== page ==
Formula in cell C3:

The second example value is in cell B4 and the TRUNC result is in cell C4. The value is 0.9 and the truncated value is 0 (zero), the decimal is left out leaving only 0 (zero) as the result. The source value has 1 decimal.

The third value is in cell B5 and the TRUNC result is in cell C5. The value is -2.029 and the truncated value is -2, the decimals are left out leaving only -2 as the result. The source value has 3 decimals.

The fifth value is in cell B6 and the TRUNC result is in cell C6. The value is -0.9 and the truncated value is 0, the decimal is left out leaving only 0 (zero) as the result. The source value has 1 decimal.

The fourth value is in cell B7 and the TRUNC result is in cell C7. The value is 39.5 and the truncated value is 39, the decimal is left out leaving only 39 as the result. The source value has 1 decimal.

The sixth value is in cell B8 and the TRUNC result is in cell C8. The value is 21.2 and the truncated value is 21, the decimal is left out leaving only 0 (zero) as the result. The source value has 1 decimal.

The seventh value is in cell B9 and the TRUNC result is in cell C9. The value is 0.0035 and the truncated value is 0, the decimals are left out leaving only 0 (zero) as the result. The source value has 4 decimals.

The eigth value is in cell B10 and the TRUNC result is in cell C10. The value is 3.6 and the truncated value is 3, the decimal is left out leaving only 3 as the result. The source value has 1 decimal.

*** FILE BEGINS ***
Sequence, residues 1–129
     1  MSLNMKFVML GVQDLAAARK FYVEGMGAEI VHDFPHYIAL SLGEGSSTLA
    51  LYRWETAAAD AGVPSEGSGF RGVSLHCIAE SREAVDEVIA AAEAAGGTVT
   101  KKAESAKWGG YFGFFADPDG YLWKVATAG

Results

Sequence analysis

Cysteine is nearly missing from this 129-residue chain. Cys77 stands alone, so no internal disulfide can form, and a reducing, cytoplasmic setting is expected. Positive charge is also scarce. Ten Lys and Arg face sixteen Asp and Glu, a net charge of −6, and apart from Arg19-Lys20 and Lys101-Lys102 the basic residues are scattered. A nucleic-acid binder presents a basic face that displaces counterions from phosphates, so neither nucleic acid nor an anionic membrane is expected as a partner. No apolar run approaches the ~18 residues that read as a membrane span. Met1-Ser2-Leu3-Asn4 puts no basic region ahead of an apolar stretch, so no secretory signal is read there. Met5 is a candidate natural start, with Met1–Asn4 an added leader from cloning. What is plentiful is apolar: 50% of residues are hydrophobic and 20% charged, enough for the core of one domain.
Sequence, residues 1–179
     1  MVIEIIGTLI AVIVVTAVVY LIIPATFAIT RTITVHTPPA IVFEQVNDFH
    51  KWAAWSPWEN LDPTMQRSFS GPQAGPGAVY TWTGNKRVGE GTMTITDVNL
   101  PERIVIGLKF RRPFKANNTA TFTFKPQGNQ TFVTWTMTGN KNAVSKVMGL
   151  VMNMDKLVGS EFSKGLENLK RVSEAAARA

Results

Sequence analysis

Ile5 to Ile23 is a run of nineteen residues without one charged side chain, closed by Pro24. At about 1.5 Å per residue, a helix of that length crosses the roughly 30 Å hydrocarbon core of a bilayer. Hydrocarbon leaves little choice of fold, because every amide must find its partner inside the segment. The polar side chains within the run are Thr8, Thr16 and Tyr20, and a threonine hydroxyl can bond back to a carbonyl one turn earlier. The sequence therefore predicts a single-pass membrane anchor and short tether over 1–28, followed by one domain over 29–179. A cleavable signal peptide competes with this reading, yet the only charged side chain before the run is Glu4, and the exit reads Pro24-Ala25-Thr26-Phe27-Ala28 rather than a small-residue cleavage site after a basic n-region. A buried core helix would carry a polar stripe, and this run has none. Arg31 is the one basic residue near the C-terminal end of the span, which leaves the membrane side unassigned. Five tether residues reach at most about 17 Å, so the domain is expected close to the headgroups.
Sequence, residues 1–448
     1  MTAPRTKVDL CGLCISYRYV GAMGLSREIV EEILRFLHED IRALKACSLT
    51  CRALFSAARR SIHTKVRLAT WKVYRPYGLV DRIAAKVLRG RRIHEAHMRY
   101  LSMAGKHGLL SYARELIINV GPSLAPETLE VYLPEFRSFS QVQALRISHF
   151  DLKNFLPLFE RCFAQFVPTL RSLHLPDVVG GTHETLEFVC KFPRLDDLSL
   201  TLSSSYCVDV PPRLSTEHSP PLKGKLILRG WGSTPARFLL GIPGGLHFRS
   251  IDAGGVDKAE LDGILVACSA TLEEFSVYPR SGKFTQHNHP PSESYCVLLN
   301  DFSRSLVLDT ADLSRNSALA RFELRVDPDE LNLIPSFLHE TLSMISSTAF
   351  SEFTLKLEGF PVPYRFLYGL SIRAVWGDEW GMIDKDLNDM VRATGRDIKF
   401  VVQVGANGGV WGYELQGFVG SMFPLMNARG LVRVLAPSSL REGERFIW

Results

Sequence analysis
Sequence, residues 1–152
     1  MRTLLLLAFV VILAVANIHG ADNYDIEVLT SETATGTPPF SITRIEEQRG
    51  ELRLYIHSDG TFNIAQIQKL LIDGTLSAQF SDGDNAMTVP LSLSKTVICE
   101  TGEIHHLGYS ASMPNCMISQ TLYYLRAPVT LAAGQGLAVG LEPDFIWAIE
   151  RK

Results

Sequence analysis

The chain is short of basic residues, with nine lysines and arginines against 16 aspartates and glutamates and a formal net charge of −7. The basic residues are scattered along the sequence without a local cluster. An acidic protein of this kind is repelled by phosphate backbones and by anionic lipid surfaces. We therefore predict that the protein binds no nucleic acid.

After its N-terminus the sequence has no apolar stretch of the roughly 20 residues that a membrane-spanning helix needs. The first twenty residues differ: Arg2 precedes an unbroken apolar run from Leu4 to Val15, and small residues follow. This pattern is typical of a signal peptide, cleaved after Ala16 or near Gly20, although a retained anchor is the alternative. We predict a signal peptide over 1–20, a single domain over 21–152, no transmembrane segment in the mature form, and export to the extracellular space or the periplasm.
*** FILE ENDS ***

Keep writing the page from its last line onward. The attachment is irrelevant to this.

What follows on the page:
## 4. Example 2

**A vehicle drives from location A to location B. The journey takes 47 minutes, and the car maintains an average speed of 62 miles per hour. What is the distance between points A and B? Truncate the result to one decimal?**

What we know:

- The distance is equal to speed x time.
- Speed = 60 miles per hour
- Time = 47 minutes

Formula in cell C22:

The formula in cell C22 returns 48.5 miles which represents the distance between point A to point B based on a constant speed of 60 miles / hour over a duration of 47 minutes.

Lets calculate this manually:

- Convert time from minutes to hours. 47 minutes / 60 minutes = 47/60 hours
- Multiply duration by speed. 47/60 hours * 62 miles/hour = 47*62/60 miles = 48.5666666666667 miles.
- Truncate to one decimal: 48.5666666666667 = 48.5 miles.

## 5. Example 3

**An object above ground has initial velocity of 2 feet/s. The final velocity right before ground impact is 4 feet/s. The time it takes to reach the ground is 1.3 seconds. What is the acceleration? Truncate the answer to 2 decimals.
**

What we know:

- Basic acceleration formula: a = (v - u) / t

a = acceleration, v = final velocity, u = initial velocity, t = time - Acceleration: Unknown
- Initial velocity: 2 feet/s
- Final velocity: 4 feet/s
- Time: 1.3 seconds

Formula in cell C23:

The formula in cell C22 returns 1.53 feet/s^{2} which represents the acceleration with an initial velocity of 2 feet/s and a final velocity of 4 feet/s based on a duration of 1.3 seconds.

Lets calculate this manually:

- Final velocity minus the initial velocity: 4-2 = 2
- Ratio between the velocity difference and the duration: 2/1.3 = 1.53846153846154
- Truncate the result to two decimals: 1.53846153846154 = 1.53 feet/s
^{2}

This result is equal to the value in cell C23.

### Functions in 'Math and trigonometry' category

The TRUNC function function is one of 61 functions in the 'Math and trigonometry' category.